‘Catalonian citizens won the right to statehood’ – regional president
“On this day of hope and suffering, Catalonia's citizens have earned the right to have an independent state in the form of a republic,” Puigdemont, surrounded by members of his government, told Catalans.
The Catalan leader did not announce the final outcome of the plebiscite, but said it will take a couple of days before the results are sent to the Catalan Parliament, “where the sovereignty of our people lies, so that it can act in accordance with the law of the referendum.”
Following a day of turbulence and violence in Catalonia which left over 800 people injured, the regional government defiantly declared the referendum vote valid, despite Madrid’s claim that the plebiscite "never took place."
“We have managed to celebrate the referendum on self-determination that the State has strived to prevent,” Puigdemont said in a statement from the Palau de la Generalitat.
He praised the courage millions of Catalan people, who, despite a violent police crackdown, took to the polling stations to vote. He called on democrats from across Spain, Europe and the world to note the scale of violence by national police officers during the vote. The government in Madrid justified the police actions as “proportional.”
Puigdemon said the central government crackdown on mainly peaceful voters was “unjustified, shocking and abusive.”
At least 893 people were injured on Sunday after being attacked by police as they were exercising their democratic right to vote.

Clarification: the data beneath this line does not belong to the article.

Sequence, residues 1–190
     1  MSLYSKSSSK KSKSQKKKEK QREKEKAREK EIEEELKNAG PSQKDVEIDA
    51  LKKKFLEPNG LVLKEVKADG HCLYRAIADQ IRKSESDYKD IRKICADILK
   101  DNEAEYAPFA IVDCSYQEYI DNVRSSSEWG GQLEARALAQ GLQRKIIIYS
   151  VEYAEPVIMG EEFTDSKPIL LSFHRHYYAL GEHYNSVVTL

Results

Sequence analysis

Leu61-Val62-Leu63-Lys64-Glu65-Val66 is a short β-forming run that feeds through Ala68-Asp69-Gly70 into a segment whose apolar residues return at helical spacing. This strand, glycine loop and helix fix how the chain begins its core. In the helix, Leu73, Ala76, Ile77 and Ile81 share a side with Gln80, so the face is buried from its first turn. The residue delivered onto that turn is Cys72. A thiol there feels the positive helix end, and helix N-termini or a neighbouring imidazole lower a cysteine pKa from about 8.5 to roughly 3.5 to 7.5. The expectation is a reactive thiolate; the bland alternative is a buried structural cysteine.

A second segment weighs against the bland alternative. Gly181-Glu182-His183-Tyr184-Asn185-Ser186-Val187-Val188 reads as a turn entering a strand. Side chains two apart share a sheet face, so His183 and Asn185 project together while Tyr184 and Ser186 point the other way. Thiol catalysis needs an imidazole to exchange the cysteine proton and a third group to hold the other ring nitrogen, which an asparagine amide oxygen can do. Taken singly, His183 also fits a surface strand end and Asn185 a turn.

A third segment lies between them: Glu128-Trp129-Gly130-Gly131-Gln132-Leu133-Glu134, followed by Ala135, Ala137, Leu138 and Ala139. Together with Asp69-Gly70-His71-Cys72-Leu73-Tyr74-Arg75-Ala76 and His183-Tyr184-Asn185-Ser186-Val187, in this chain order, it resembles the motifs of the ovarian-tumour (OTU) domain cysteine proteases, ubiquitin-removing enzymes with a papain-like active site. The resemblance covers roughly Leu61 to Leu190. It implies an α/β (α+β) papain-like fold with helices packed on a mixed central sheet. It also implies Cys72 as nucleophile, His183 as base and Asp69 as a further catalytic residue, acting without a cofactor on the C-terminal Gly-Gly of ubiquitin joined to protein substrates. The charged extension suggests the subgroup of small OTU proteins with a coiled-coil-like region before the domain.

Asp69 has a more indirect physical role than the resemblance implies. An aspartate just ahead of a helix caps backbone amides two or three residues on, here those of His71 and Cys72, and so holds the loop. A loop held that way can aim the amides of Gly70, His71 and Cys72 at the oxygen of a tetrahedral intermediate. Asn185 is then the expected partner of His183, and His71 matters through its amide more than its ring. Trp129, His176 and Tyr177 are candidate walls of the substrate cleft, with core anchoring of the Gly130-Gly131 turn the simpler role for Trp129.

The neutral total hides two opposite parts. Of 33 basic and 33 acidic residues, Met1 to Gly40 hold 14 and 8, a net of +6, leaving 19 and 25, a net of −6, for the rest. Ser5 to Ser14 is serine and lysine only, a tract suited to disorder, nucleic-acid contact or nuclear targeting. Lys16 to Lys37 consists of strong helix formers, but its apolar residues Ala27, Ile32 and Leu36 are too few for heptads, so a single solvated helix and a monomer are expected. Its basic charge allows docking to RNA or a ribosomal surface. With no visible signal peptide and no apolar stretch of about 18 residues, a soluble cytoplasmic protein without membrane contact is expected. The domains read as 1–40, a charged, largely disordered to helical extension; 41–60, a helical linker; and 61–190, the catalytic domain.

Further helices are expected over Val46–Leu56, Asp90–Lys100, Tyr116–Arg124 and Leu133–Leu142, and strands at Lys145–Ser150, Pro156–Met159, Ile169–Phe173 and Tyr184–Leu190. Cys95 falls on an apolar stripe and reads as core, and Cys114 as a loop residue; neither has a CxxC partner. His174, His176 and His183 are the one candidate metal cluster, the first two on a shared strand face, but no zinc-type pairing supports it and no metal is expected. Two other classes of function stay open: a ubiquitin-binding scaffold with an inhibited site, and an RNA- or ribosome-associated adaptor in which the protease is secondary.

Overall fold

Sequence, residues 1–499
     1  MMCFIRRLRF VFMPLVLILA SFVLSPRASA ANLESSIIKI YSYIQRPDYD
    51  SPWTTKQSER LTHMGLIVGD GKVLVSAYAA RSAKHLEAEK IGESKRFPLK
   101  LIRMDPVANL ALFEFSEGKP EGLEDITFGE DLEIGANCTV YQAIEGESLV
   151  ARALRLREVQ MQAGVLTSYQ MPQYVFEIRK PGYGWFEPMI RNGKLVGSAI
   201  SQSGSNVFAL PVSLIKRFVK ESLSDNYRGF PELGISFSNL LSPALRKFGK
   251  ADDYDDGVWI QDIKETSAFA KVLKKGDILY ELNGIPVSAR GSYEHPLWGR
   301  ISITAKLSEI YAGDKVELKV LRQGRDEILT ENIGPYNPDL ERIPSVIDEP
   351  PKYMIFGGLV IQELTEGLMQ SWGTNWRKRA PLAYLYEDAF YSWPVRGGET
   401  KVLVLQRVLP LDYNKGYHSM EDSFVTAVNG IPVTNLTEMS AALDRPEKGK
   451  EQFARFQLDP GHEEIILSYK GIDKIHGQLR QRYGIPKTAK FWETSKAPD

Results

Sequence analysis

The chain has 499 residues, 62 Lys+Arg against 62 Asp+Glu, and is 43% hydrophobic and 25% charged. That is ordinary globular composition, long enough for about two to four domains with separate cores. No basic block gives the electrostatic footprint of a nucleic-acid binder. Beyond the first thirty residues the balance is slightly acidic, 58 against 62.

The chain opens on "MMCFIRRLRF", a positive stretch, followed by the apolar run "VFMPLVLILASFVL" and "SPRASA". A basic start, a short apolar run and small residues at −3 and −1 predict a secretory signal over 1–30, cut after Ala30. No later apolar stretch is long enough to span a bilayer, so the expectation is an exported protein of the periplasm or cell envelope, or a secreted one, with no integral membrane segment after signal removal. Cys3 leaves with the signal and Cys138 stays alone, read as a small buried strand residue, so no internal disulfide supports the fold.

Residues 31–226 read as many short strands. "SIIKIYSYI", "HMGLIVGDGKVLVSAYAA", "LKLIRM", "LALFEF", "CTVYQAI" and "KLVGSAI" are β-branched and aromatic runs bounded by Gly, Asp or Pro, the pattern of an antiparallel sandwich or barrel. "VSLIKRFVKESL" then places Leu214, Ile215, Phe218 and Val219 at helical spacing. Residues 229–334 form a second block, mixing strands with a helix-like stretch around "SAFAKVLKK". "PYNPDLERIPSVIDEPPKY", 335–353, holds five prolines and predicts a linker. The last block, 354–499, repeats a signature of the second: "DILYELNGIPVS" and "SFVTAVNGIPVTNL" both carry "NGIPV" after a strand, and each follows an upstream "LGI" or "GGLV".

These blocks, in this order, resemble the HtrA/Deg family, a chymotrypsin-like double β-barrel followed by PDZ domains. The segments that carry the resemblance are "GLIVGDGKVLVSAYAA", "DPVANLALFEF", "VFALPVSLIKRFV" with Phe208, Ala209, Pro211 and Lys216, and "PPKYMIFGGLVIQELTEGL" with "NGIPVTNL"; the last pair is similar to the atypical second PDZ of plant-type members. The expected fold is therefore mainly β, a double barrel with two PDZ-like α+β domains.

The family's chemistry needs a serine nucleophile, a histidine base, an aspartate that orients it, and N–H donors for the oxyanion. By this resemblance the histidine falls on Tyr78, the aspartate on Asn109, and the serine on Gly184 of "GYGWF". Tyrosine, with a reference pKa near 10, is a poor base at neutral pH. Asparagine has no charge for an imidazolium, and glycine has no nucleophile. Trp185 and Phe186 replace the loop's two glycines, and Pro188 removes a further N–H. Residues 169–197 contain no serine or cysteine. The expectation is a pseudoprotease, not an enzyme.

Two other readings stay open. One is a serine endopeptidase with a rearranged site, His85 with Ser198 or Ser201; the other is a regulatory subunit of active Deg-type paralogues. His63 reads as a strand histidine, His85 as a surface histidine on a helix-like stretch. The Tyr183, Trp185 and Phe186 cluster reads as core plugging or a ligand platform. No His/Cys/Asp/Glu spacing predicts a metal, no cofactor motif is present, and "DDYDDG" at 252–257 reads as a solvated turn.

By 9:30pm, Catalonia's Health Ministry announced that 355 people suffered injuries in Barcelona while at least 249 civilians were wounded in Girona as officers used rubber bullets and other dispersal methods in attempts to prevent the vote from taking place. The rest of the injuries occurred in other parts of the region.
Addressing the injured, Puigdemont vowed that “bodily harm, humiliation, and clear human rights violations” will not go “unpunished.”
The president and the Catalan government said Catalans “have taught the world the civility of a peaceful” protest, noting that voters have “resisted the provocations.”
“The Spanish State has today written a shameful page in its history of relationship with Catalonia,” Puigdemont said, adding that “too often have repression and violence been the response of the State to Catalan aspirations.”
After polling stations closed, Spain's Prime Minister announced that “no referendum” took place in the country, claiming the majority of Catalans “obeyed the law” and did not want to participate in the independence vote after Madrid branded it “illegal” and issued a poll ban.
Rajoy praised officers for “performing their duty” despite what he said were multiple scenes of police brutality across Catalonia. The Spanish foreign minister had earlier termed the police response “proportionate.”
At least 33 officers were injured in clashes with voters during Sunday's referendum, the Spanish interior ministry announced earlier on Twitter.
Brushing aside Madrid's statements, Puigdemont has appealed to European nations – which have so far adopted mostly a passive stance – to evaluate the referendum and to defend Catalan democracy.
“Catalans have won the right to be respected in Europe,” the president said. “We are European citizens who suffer the violation of rights and freedoms, direct violations of the European Charter of Fundamental Rights… It is a good idea that the European Union to reinforce the founding values when these are endangered by authoritative abuses by the State… It is necessary to act quickly to maintain moral authority inside and outside the continent.”